President Bush talks war and peace in Africa

February 16, 2008 3:26:30 AM PST
President Bush is visiting Africa, pushing peace on the unstable continent. Bush said Saturday that while his trip to Africa is focused on success stories and not the conflicts roiling nearly every corner of the continent, his administration is actively engaged in resolving the turmoil there.

"When you herald success, it helps others realize what it possible," the president said. "This is a large place with a lot of nations and no question not everything is perfect. On the other hand, there are a lot of great success stories and the United States is pleased to be involved with those success stories."

On a five-nation journey, Bush is highlighting America's commitment to health and development in Africa, an aspect of his foreign policy overshadowed by war in Iraq. The image of the U.S. has declined in many parts of the world, but remains high here in Africa.

After a three-hour stop in Benin, Bush flew to the other side of Africa to stay in Tanzania, the focus of his agenda on Sunday and Monday. Bush, who also was visiting Rwanda, Ghana and Liberia, said he would address African trouble spots in his meetings with African leaders.

"We've been plenty active on these issues," Bush said.

The president's trip comes as conflict flared across the continent, with new crises in Kenya and Chad and systemic troubles in places such as Somalia, Sudan and Zimbabwe. During a news conference with the president of Benin, Bush specifically mentioned U.S. efforts in Kenya and Sudan's Darfur region.

Bush said he "had a tough decision early on as to whether to send troops to Darfur." Once he decided not to, a decision he said was guided in part by recommendations from groups working in Darfur that he did not identify, Bush said "there's not a lot of other avenues except for the United Nations and peacekeeping."

He said he hopes to shine a spotlight on the need to speed up the deployment of a joint African Union-U.N. peacekeeping force to Darfur while in Rwanda on Tuesday. Bush intends to thank Rwandans for contributing the largest contingent of troops so far to that mission.

In Kenya, where he is dispatching Secretary of State Condoleezza Rice on Monday to peel off from his entourage for a quick trip to Nairobi, Bush said he thought it would send a strong message to have her impart his views.

"The key is that the leaders hear from here firsthand U.S desires to see that there be no violence, that there be a power-sharing agreement that will help this nation resolve its difficulties," the president said.

Bush is the first U.S. president to visit Benin, one of Africa's most-stable democracies. The nation has many political parties, a strong civil society and press freedoms, yet is one of world's poorest countries, severely underdeveloped and corrupt. The 2006 elections were nearly derailed when the government ran out of funds to finance its election machinery. Voters stepped in, raising cash, loaning computers and using motorcycle headlights to illuminate ballot-counting centers.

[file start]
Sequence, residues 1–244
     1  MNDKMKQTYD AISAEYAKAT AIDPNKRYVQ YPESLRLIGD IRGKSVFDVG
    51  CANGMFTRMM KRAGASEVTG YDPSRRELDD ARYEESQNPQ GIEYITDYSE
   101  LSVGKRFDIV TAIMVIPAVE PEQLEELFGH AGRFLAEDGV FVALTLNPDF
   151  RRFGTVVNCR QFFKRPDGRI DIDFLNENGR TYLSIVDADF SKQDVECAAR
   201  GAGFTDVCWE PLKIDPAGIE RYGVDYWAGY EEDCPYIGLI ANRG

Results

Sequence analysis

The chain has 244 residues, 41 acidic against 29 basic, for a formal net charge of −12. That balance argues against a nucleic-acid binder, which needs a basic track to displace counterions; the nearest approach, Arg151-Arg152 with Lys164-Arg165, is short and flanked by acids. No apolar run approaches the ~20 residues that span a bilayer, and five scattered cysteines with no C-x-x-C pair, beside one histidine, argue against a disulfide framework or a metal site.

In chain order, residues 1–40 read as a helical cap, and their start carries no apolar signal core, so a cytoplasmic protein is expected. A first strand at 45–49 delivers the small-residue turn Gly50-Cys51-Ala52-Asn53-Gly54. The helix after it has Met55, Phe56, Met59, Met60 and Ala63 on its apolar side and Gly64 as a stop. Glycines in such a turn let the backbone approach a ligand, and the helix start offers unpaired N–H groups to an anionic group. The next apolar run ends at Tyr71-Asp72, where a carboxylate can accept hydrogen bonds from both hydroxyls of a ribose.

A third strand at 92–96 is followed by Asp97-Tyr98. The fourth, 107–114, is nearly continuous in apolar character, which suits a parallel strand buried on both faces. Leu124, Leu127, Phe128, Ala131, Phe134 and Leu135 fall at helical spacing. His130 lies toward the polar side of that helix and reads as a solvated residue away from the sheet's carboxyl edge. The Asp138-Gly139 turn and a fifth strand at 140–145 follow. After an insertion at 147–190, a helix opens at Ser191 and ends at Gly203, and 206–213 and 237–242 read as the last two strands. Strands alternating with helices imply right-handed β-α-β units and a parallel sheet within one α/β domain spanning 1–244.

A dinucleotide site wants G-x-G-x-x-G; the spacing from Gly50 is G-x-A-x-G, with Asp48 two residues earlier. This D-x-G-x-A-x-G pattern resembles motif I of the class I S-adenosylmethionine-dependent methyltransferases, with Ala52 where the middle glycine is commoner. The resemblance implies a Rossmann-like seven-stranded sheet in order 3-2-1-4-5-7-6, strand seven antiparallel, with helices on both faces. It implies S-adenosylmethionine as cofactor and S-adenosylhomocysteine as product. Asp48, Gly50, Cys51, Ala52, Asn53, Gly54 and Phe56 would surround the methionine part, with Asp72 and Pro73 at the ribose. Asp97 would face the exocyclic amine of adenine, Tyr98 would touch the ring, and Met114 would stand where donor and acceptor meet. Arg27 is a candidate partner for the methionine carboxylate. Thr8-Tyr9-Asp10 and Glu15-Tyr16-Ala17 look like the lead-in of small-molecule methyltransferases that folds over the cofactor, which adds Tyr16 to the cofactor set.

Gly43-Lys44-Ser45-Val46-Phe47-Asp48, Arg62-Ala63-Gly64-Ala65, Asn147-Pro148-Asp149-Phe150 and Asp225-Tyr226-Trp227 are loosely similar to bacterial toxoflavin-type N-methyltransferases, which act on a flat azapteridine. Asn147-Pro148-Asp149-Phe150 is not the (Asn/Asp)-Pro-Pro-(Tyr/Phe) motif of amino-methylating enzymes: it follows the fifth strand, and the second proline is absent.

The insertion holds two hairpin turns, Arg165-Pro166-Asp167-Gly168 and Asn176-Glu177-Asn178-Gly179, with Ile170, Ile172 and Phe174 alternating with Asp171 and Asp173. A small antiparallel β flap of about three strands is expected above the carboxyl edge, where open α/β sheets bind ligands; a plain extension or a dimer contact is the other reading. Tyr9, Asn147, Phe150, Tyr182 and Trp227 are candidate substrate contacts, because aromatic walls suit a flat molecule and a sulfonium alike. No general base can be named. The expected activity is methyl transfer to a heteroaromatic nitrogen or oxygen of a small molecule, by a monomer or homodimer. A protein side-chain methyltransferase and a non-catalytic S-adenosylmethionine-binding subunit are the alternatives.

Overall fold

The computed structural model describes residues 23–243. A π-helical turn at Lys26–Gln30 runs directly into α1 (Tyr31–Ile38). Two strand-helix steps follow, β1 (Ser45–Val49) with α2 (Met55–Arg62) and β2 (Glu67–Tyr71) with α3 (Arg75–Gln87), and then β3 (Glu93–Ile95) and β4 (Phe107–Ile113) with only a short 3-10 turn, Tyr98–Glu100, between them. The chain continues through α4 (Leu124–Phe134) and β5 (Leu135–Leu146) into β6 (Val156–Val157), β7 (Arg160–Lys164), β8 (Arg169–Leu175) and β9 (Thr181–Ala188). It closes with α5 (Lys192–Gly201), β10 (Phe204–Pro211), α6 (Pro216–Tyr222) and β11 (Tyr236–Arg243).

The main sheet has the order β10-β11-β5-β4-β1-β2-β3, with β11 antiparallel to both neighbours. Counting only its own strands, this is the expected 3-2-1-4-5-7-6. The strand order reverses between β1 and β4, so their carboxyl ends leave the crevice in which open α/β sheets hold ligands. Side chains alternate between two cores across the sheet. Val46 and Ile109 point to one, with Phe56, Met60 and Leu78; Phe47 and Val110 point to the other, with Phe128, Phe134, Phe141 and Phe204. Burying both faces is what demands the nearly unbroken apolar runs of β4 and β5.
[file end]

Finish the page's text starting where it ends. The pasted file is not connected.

Thomas Boni Yayi, the president of Benin, reiterated his commitment to battling corruption.

"Your fight against corruption is visible and easy for the people to see," Bush said. "Leaders from around the world have got to understand that the United States wants to partner ... but we're not going to do so with people who steal money, pure and simple."

Benin gave Bush the chance to tout one of the initiatives underpinning his trip to Africa, the Millennium Challenge Account. It provides U.S. aid to countries that agree to govern justly, shun corruption, help their own people and support economic freedoms.

"My trip here is a way to remind future presidents and future congresses that it's in the national interest and the moral interest, for the United States of America to help people," he said. "I reject the old-style type of grants."

Benin has a five-year, $307 million compact under the program. The money is designed to build up a physical infrastructure and justice system, and to spur commerce and investment. Yet the program has had trouble, too. The flow of money has been slow and many countries have struggled to get their projects going, prompting criticism in Congress.

Benin is also one of 15 African countries targeted by a Bush effort to reduce Malaria, a disease that is spread by infected mosquitoes. Malaria kills more than 1 million people a year - many of them under five years old - mostly in sub-Saharan Africa. Bush's effort - part of a trend of global outreach and awareness - is built around getting medicine, insecticide and mosquito-stopping bed nets to millions of people.

The president and his wife, Laura, landed in the West African nation on a muggy day, walking off Air Force One onto a red carpet. They were greeted with a military salute by troops in camouflage uniforms and berets, men in purple shirts blowing lively tunes on horns and signs of appreciation for U.S. aid to the nation.

One placard read: "Beninese people will remember forever."

At Cadjehoun International Airport, the president of Benin read a several-page greeting and presented Bush with the Grand Cross of the Order of Benin on a maroon and gold sash. The two leaders joked as more decorations were pinned on Bush's suit. One adornment fell off after an exchange of kisses with their wives, and Bush had to retrieve it from the floor.

Referring to the grand order, Bush said: "I gratefully accept this on behalf of the American people. I stand here by your side as a friend, a believer in your vision."


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